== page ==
On a recent trip to my area Total Wine, I happened upon a group of Belgian beers from fairly prominent breweries called “Triple Hop.” What a perfect opportunity to marry with a baseball element (yes, yes, there are Triple IPAs, but they’re really just Imperials).
So, in this three part series, we take a look at the three career triples leaders for the Mets, and enjoy a Triple Hop. Today, we’re starting with #3 on the list, shortstop, Bud Harrelson.
Bud Harrelson is perhaps best remembered for plays at second base (fighting Pete Rose during the ’73 NLCS) and home (being called out despite clearly avoiding the tag in the 10th inning of the ’73 World Series), he owns the third best Mets career mark for triples, coming in with 45 three-baggers.
Though no one triple stands out that you can really hang your hat on, if you dig into his career, it becomes pretty clear that Harrelson’s personal highlights are littered with triples.
Harrelson’s triple in Game One of the 1969 NLCS against Phil Neikro and the Braves would score two and give the Mets a lead they would not relinquish.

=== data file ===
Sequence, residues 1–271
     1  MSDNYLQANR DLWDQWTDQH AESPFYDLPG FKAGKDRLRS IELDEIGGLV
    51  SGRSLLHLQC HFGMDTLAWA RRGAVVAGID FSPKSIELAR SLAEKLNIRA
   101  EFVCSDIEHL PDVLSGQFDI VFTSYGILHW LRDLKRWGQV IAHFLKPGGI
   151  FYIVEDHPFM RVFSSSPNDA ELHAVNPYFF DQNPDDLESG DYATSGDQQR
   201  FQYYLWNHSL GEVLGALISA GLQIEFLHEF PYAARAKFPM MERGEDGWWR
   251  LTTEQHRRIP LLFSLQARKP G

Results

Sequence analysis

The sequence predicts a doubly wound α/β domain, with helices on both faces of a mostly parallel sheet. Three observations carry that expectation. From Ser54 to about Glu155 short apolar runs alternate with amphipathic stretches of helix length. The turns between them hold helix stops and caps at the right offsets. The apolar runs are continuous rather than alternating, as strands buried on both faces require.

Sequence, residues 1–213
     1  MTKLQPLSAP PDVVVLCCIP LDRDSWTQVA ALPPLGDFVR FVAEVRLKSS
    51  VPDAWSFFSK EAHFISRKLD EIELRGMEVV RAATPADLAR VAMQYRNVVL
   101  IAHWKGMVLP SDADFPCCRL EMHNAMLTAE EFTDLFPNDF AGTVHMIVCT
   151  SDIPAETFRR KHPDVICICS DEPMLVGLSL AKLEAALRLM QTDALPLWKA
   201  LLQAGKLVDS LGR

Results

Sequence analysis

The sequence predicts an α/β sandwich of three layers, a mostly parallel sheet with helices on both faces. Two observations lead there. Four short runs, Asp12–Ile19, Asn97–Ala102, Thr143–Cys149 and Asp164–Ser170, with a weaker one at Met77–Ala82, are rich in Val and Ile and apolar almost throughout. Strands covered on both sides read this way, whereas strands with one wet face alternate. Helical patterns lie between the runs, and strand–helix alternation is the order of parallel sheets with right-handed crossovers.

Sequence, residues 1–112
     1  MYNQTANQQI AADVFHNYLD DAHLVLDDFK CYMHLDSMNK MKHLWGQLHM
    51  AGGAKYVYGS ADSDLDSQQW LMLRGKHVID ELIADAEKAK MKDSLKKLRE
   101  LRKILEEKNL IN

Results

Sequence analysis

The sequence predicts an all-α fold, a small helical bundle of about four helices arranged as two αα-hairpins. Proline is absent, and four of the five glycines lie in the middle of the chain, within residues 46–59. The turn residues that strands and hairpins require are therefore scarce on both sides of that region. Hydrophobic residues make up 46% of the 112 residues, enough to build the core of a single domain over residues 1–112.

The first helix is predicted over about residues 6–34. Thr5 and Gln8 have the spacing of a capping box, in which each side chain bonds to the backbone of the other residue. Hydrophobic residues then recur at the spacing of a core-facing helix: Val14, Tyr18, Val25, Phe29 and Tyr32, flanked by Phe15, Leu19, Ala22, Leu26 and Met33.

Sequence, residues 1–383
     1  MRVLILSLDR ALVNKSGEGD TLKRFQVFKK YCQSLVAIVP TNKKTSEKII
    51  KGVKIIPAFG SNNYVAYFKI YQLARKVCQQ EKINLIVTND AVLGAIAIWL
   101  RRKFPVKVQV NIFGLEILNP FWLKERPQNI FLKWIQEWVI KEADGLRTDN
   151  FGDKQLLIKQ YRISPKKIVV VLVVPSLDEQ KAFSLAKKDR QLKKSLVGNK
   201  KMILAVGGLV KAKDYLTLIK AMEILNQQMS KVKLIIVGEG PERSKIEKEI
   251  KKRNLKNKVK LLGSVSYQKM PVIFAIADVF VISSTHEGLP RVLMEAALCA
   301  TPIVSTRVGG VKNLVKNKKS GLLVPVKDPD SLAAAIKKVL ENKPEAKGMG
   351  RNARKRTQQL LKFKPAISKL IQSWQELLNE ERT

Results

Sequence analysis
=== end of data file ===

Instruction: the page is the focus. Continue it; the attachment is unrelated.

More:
He would play a larger part in an iconic Mets game in 1970 than most remember. On April 22, 1970, Tom Seaver pitched a complete game 2-1 gem against the Padres, recording an amazing 19 strikeouts. But Seaver may not have come away with the win had it not been for Harrelson. After already coming around to score on Ken Boswell’s first inning double, Harrelson broke a third inning tie with a triple that would complete the day’s scoring at 2-1. He ended up with two of the four total Mets hits on the day.
Harrelson would hit his last triple for the Mets on June 5, 1977 before getting traded to the Phillies in the spring on 1978 for Fred Andrews. During his tenure, Harrelson certainly cemented his place in Flushing lore as one of the greatest Mets shortstops of all time.
Duvel Tripel Hop (2015)
For nearly ten years, Duvel has been producing their Tripel Hop series. Every year’s batch is exactly the same with the exception of the third hop utilized. For 2015’s edition, in addition to the standard Saaz and Styrian Golding hops, Duvel chose Equinox.
Tripel Hop pours a clear vibrant yellow hue, with alcohol and plenty of Belgian yeast in the nose.
Up front in the taste is fresh green pepper, citrus, and a bit of lemon zest. The Equinox hops definitely account for these main flavors. Warm alcohol kicks in on the tongue.
The mouthfeel is dry, with plenty of bubbly carbonation playing well with the bright taste characteristics. The yeast is not overbearing, and shows in appropriate measure to the other elements of the brew. With the dry body comes a clean finish; a satisfyingly tidy end to the glass.
Scouting Report (20-80 scale)
Duvel Tripel Hop is a nice respite from the sweeter flagship version of Duvel, and is dependably well balanced like you would expect from the rest of their stable of offerings.